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Farmer named General Counsel of Mississippi Public Service Commission

Frank F. Farmer has been named General Counsel of the Mississippi Public Service Commission Farmer is a native Mississippian who has practiced law throughout Mississippi since 2001. Prior to his appointment, he represented the Commission on behalf of the Mississippi Attorney General’s Office. He has experience in litigation at all levels, attorney management and training, project management, and nationwide pro ...

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11 held in ICE restaurant raids plead guilty

By JACK WEATHERLY Eleven foreign nationals arrested Feb. 22 in raids at Jackson and Meridian area restaurants by agents of the U.S. Immigration and Customs Enforcement agency have pleaded guilty, or in one case await a plea hearing, to violating the federal Re-entry of Deported or Removed Alien act. They are among 55 foreign nationals who were arrested by ICE agents at ...

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No special session to take Confederate symbol off Mississippi flag

A spokesman says Mississippi Gov. Phil Bryant won’t call legislators back to the Capitol to consider removing the Confederate battle emblem from the state flag. The Legislative Black Caucus says Bryant should set a special session because white supremacists marched with the battle flag last weekend in Virginia. Mississippi has the last state flag featuring the Confederate battle emblem — ...

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Mississippi again moves to rejigger school rating system

A year after a bruising debate over how Mississippi’s schools should be rated, education officials are revisiting their decisions. State Department of Education officials said Tuesday that technical flaws in the system approved last year must be fixed, or else results will falsely show that Mississippi has fewer high-performing school districts than last year. But the plan would push up ...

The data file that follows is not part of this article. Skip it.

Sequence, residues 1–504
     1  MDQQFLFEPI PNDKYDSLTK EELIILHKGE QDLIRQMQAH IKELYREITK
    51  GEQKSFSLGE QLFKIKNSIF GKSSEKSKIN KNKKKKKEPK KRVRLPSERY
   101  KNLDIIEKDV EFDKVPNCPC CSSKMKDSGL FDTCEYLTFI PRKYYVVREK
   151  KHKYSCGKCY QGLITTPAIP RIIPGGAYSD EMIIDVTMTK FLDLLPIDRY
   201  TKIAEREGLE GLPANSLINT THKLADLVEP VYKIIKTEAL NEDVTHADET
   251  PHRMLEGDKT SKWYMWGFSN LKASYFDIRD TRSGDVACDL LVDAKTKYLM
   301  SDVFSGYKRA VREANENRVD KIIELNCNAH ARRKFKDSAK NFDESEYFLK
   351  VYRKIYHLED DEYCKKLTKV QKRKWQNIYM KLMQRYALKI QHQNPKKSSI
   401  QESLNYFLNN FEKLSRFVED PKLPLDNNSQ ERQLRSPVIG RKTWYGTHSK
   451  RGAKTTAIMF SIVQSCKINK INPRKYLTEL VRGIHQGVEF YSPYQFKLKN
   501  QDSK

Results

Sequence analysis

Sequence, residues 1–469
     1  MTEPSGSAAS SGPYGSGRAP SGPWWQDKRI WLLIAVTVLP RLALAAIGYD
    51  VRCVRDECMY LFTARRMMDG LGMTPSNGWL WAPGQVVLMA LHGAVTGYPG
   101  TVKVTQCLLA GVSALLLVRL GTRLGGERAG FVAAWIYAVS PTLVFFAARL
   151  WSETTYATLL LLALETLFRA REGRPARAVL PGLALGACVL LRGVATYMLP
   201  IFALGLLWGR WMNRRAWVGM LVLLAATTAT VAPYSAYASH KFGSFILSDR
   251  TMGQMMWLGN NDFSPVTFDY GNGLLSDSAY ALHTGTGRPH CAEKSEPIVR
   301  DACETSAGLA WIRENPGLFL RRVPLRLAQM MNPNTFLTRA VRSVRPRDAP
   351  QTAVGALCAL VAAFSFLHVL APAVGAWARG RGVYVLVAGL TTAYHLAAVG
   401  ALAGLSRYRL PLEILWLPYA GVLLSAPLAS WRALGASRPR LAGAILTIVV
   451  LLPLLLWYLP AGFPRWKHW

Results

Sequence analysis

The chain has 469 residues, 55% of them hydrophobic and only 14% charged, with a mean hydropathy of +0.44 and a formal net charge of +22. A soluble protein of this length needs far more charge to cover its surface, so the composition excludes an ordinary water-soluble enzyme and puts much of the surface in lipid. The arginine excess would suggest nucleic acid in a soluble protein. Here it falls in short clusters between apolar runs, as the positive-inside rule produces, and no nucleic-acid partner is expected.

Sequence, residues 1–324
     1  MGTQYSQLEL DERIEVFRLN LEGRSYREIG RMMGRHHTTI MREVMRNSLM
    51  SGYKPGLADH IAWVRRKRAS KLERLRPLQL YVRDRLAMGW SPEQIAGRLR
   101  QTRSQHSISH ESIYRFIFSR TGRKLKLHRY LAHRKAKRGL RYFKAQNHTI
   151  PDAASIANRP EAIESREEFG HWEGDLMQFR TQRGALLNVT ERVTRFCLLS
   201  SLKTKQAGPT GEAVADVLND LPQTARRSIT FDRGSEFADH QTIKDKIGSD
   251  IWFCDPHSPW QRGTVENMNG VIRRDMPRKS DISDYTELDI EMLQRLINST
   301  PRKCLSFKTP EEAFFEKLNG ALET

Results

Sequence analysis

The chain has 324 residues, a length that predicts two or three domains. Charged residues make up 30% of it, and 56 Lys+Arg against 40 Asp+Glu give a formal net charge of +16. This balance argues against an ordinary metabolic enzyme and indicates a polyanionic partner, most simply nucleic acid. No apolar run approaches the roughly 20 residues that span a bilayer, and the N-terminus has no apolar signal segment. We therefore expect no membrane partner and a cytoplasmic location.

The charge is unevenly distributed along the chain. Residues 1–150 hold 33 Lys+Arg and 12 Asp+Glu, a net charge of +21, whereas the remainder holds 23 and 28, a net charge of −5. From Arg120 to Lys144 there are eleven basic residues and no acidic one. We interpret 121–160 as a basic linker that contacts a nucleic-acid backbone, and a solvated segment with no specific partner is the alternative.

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DAVID BARIA: Time to remove Confederate battle flag from all official symbols of Mississippi

The events in Charlottesville evade simple description. The tragic loss of life and violent imagery are now part of our collective consciousness and already compare as one of the darkest chapters in modern American history.   For many of us who were not adults during segregation, these images seem ripped from a time we hoped was in the past. Sadly, ...

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Tupelo seeks to regain investment from motel demo

By CALEB BEDILLION / Daily Journal TUPELO – With all demolition and grading work at the site of a former Ramada Inn on North Gloster Street complete, the city of Tupelo has taken steps to recoup the more than $400,000 of public money invested into cleaning up the property. A sloping, grassy field now marks the site in Tupelo where ...

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Mississippi officials condemn white nationalist violence

Some Mississippi officials are denouncing white nationalist violence that killed one person and injured several others during the weekend in Virginia. “Those who practice the extremist ideals of neo-Nazism or white supremacy have no place in Mississippi. I condemn these groups in the strongest possible terms,” Republican Gov. Phil Bryant said Monday on Facebook. “I have been in communication with ...

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BILL CRAWFORD — Will tax cuts ease economic distress and health disparities?

The 13-state Appalachian Regional Commission just released its latest county economic status rankings. Mississippi has 24 ARC counties with 12 ranked “distressed,” nine “at-risk,” three “transitional,” and none “competitive” or “attainment.” Rankings did not change from last year.   What do these rankings mean? ARC calculates the economic status of counties based on unemployment rates, per capita market income, and ...

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Economy, not internet, cited for drop in state sales tax revenue

By BOBBY HARRISON State Economist Darrin Webb cites economic angst, not internet shoppers, for the prolonged period of sluggish sales tax collections for the state. The collection of the sales tax, the state’s largest source of revenue, was sluggish during the past fiscal year and started the new fiscal year on an even more dismal note. The anemic sales tax ...

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Pay equity is the law, but wage gap between men and women still exists

By BECKY GILLETTE Despite the fact that pay equity is the law, studies show women earn less money than men for doing the same work. This pay gap does not necessarily decrease simply because more women are achieving “bread winner” status, said Jaklyn Wrigley, a Gulfport-based attorney with Fisher Phillips, a national, management-side labor and employment law firm. “Technically, since ...

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